Oh-oh, trouble here. I’m clinging on for dear life as we hit a long, shallow rise, trying to make it, shouting at him to ease off, but he can’t hear. I hang there, nearly, nearly at the crest, but then suddenly it’s reached the point where I have nothing left. Nothing. Nadir. Empty. I’m gone.
I can’t hold the wheel for a second longer and I pull out of the line, tell them not to ease. Go, Go GO!
I reckon I need 30 seconds recovery and we can’t take that long, not with only a few kilometres left. I take a few deep breaths, look up, and they are only 50 metres away. I hit the tri bars, and try and re-join, but 50 metres becomes 60, then 75, then they’ve gone.
I’m a solo TT-survival mode now. I know I have to go flat out by myself in case anything happens to one of the remaining team mates, as it’s the time of the 3rd rider that stops the clock. But now I’m riding on my limits and not someone else’s. I can still give it everything, but if I need a fraction of a second rest, or don’t hit a rise full gas, then that’s it. I can’t see any of any team mates, and bury myself coming up to the line. Stop the clock! Stop the clock!
I see the rest of the team huddled in a group just past the line and finally recover enough to make my way across. Everyone is happy with the time, much, much better than anything we’ve done in training. They did stick together, and put roughly a minute into me over the last few kilometres. Chapeau guys, well done.
It’s strange, but I’m slightly euphoric. We think we achieved the aim of not coming last at this stage. It all seemed worth it. The harmony of 4 people riding close together has bonded us. The Hammer reckons that people will have gone faster, but maybe none will have been as tight as us. I can’t disagree.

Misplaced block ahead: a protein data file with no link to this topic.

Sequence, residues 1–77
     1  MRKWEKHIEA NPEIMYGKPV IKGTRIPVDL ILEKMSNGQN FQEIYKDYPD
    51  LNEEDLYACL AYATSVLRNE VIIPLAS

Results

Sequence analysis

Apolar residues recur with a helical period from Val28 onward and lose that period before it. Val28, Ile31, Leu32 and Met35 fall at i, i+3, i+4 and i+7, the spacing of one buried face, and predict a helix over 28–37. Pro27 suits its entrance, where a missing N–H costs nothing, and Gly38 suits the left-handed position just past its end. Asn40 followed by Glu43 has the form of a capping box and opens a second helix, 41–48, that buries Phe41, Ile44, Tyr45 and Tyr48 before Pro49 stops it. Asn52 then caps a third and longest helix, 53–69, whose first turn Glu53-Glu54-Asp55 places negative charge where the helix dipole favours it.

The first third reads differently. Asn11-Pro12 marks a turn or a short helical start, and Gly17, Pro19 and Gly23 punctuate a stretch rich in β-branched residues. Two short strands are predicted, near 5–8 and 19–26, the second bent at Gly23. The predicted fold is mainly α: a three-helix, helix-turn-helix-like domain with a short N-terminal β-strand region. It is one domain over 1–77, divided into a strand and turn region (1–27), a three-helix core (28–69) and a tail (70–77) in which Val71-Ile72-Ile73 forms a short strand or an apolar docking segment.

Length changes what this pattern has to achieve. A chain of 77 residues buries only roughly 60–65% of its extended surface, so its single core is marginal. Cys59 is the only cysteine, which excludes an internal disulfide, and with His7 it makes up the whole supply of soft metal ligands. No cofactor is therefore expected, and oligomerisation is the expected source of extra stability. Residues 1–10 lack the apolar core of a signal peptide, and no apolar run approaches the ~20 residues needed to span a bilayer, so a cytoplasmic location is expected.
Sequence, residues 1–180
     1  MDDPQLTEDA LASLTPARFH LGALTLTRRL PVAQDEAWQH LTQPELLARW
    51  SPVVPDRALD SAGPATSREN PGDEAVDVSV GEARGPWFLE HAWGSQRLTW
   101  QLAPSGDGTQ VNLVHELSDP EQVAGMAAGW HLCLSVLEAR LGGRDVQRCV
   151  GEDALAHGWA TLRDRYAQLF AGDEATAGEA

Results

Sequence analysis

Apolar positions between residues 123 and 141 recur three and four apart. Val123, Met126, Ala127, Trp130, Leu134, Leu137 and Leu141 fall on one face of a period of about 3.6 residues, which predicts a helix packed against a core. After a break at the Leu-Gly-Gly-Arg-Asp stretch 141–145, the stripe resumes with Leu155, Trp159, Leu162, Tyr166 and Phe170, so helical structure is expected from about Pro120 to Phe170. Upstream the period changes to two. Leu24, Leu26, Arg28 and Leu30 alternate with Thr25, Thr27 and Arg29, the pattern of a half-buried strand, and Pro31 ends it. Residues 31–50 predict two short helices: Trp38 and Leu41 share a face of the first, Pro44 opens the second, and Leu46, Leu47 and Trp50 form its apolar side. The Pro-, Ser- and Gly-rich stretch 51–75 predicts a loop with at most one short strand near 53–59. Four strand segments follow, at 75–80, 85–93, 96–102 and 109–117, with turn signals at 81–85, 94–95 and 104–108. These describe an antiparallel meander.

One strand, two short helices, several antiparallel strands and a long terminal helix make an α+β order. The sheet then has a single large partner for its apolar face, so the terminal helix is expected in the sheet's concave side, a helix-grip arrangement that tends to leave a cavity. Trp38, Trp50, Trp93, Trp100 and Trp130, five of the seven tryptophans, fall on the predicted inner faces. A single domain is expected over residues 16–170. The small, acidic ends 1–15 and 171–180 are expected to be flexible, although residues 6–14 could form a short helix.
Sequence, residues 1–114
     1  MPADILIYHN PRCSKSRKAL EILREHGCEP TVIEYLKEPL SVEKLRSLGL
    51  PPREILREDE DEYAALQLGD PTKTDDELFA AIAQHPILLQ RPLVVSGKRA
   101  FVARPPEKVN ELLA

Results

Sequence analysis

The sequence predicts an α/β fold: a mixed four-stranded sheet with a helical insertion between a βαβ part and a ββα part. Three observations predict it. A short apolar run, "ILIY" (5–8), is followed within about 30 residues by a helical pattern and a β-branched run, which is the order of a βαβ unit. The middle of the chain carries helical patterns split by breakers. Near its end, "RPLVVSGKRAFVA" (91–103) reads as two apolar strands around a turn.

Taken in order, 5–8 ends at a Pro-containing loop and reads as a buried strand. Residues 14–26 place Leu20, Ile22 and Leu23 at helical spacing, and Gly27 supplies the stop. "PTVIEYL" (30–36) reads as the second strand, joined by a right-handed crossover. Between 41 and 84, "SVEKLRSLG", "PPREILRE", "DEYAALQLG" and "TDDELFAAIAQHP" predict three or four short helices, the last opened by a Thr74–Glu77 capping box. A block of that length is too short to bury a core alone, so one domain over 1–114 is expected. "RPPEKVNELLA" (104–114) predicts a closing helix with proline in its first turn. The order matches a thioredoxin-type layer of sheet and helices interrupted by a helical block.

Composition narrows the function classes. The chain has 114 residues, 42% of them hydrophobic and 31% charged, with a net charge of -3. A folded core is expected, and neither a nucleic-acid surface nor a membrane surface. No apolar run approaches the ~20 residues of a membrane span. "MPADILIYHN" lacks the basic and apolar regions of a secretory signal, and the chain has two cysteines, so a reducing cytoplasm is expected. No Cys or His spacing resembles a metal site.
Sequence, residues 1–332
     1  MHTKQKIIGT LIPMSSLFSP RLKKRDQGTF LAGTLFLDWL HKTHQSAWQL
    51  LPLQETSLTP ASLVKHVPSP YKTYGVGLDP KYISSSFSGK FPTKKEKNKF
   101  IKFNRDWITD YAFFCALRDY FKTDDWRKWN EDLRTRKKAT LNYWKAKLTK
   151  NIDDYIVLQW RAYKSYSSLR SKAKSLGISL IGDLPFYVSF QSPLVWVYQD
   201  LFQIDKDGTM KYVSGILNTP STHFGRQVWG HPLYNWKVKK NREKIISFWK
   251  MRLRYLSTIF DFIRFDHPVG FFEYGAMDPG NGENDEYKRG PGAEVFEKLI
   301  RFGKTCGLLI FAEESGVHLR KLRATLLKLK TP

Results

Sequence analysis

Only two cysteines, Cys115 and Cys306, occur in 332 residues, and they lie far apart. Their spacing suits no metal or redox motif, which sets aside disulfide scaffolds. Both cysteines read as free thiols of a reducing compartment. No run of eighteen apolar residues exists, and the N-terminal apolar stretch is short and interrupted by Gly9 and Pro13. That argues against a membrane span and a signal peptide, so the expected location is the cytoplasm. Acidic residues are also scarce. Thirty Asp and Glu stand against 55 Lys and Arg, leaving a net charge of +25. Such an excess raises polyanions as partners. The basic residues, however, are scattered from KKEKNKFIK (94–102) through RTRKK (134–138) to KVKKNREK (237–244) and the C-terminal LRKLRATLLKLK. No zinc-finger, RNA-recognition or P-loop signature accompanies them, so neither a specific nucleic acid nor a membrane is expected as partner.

(This is probably true – a watching OGL suggested a lot of the teams were very ragged and undrilled. He thought one team rode in the same formation, line astern, with no rotating on the front for the entire course and another even rode two abreast, as if they were on a club run. SLJ)
Pressing on at speed 5cm from someone else’s back wheel requires you to have a fair amount of trust in the rider in front. I’d never given it a seconds thought as my fellow teammates are skilful riders and totally unselfish.
G-Dawg was slightly disappointed that we didn’t finish together, but I told him not to worry. I simply couldn’t have given anymore. We had a celebratory drink, packed up and left for home, very content.
Post-race, the results are in and show that we came 12th out of 18 teams. Even by my poor reckoning, that’s nowhere near last.
I looked up my heart rate on Strava, and saw that the average was 177bpm for the ride. That’s more than I can normally sustain, so all in all, not too shabby an effort.
I’ve been riding a few years now, and had begun to drift into the club run routine, and a kind of numbness. I still loved the rides, but was looking for something to really excite me. I’d tried individual time trials, great for solo suffering, but they only seem to scratch a deep masochistic streak. I don’t really want to race against some pimply youths and I’m too old for that, but the team time trial was an electric jolt to my system.
I loved it. The training was great, the planning was great, and it gave the summer meaning. When you worry about an event for days, you know it matters. This did. I owe special thanks to the Hammer, he was the one who noticed it, and asked around and organised things, so without him, summer would have drifted by.
Next year, I’ll be back for more. The actors might be different (hopefully not) but I’ll be fitter. I’ll be with the team at the finish line next time. I reckon that our clubs infamously garish shirt might be represented even more, as I can think of at least half a dozen people who would take part given the chance. The Red Max has already expressed an interest.
Thanks to the Hammer, we’ve all sat up and started looking for other Team Time Trial opportunities now. So finally, to the team; G-Dawg, the Hammer and the Cow Ranger. Brilliant one guys, loved every minute of it, and if I’m not mistaken, I think you did too.